• Grief symptoms: feelings of shock, anger, helplessness, and isolation leading to Post-Traumatic Stress Disorder (PTSD) and suicidal thoughts
  • Abuse effects: loss of confidence and loss of faith in competence
  • Personal relationships damage: marriage strain and damage to relationships with friends and family who tire of listening to rehashing of the abuse
  • If the target leaves, income and health insurance loss, adding to stress levels
  • Lower productivity and morale
  • Less opportunity
  • Higher absenteeism, turnover, legal costs, workers compensation costs, and costs with recruiting, interviewing, and training new employees

It’s the equivalent of burning a big pile of money. For an employee paid $50,000 annually, the costs associated with workplace abuse could end up over $150,000 — triple of what the organization would pay without workplace abuse or investigating and addressing it.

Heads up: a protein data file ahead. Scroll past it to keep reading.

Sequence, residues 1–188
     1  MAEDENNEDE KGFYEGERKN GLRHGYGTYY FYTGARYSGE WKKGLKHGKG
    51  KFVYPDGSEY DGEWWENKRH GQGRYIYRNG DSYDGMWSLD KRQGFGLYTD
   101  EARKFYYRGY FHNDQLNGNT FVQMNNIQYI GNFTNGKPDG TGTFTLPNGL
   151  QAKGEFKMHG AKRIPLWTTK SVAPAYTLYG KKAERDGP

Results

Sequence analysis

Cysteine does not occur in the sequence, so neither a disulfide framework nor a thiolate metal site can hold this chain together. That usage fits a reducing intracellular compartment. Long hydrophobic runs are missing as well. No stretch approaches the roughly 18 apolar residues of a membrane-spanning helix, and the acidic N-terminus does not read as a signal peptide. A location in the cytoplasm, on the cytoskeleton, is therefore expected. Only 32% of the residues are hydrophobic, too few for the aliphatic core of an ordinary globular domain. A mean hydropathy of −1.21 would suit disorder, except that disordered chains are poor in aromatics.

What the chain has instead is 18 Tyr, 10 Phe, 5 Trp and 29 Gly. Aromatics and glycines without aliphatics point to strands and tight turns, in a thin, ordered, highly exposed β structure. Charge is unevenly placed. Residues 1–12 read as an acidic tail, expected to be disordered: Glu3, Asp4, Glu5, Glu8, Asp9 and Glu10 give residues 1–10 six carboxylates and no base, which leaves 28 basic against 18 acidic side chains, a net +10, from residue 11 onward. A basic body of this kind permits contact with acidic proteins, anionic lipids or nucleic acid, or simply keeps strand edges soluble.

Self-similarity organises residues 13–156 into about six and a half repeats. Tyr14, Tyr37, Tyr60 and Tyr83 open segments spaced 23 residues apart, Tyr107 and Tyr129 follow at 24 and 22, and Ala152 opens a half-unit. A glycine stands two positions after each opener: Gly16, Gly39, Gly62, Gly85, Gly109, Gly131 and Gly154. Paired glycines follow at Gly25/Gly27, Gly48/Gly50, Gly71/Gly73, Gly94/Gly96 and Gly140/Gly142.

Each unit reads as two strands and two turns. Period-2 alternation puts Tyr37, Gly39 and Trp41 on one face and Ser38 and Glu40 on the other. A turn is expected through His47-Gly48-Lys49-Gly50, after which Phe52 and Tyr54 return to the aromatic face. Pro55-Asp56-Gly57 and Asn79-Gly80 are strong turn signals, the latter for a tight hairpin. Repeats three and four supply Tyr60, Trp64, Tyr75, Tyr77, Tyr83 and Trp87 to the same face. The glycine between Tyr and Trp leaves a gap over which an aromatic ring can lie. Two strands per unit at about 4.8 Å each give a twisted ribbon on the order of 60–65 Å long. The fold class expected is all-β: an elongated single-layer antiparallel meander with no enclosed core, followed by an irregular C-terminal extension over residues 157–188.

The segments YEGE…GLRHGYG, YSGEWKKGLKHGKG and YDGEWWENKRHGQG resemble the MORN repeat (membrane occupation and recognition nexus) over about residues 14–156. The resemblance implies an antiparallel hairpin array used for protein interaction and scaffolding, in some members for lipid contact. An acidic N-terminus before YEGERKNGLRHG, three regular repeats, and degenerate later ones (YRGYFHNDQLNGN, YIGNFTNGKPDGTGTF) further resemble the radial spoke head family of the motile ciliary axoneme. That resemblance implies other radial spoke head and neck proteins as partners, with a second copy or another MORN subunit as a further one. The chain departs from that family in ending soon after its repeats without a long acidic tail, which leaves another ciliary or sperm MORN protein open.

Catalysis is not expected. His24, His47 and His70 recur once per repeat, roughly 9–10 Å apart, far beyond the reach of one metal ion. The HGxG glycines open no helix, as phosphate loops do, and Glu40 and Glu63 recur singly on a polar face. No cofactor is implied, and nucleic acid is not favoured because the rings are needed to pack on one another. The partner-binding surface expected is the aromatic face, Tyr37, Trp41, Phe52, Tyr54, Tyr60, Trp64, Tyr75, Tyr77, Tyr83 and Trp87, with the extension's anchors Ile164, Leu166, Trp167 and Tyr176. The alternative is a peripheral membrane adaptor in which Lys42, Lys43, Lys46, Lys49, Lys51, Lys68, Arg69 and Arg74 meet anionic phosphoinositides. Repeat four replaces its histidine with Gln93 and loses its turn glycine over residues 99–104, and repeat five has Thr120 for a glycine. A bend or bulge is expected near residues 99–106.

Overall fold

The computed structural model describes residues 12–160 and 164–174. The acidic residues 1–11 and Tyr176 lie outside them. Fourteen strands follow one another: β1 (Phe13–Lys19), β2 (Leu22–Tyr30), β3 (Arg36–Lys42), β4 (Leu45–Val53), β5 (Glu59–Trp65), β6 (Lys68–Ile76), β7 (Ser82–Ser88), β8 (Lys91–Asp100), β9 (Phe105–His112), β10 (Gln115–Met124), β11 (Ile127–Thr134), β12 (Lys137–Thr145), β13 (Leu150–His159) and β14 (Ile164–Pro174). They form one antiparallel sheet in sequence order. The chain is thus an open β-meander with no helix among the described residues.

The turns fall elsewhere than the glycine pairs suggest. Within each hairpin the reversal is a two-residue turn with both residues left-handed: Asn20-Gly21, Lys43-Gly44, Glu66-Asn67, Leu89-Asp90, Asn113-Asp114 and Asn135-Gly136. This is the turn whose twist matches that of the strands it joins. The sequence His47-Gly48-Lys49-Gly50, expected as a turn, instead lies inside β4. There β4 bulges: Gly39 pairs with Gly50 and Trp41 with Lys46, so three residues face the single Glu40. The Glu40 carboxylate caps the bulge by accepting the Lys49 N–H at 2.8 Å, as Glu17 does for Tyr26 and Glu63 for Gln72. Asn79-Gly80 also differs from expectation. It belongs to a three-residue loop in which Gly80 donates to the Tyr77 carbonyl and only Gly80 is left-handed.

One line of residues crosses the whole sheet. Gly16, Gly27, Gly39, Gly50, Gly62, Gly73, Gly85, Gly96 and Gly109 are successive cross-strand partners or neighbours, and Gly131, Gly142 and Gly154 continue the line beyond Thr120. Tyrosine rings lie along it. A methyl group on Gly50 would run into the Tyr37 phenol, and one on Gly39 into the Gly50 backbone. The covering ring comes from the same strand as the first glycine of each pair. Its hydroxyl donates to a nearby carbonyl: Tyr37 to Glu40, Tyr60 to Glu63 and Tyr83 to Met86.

MYTH: Employees can “just leave” if they don’t like the abuse.

Some can. Others don’t have safety nets to allow them to just leave. It takes time to look for another job while targets’ health deteriorates. Targets are often left to choose between their health and a paycheck if they’re unable to find new work before they can no longer tolerate the abuse. Or they may feel demoralized after repeated abuse and start to doubt their ability to succeed at employment elsewhere. Even if a target can “just leave,” why should they have to? Why should accomplished targets have to suffer on the job and in their careers while the poor-performing manager has no accountability for abusing power?

MYTH: There are legal protections against workplace abuse in the United States.

The United States remains the last among western democracies to have no anti-abuse laws for the general workforce. If mistreated employees who’ve been subjected to abusive treatment at work cannot establish that the behavior was motivated by race, color, sex, sexual orientation, national origin, or age, they will likely have no legal protections. Even when abuse is discriminatory, targets must prove discrimination, meaning governments don’t protect anyone else from abuse — even if there’s discrimination that can’t be proven. Retaliation for whistleblowing is also illegal. Advocates are working to make severe workplace abuse illegal regardless of protected class.

Other myths about workplace abuse »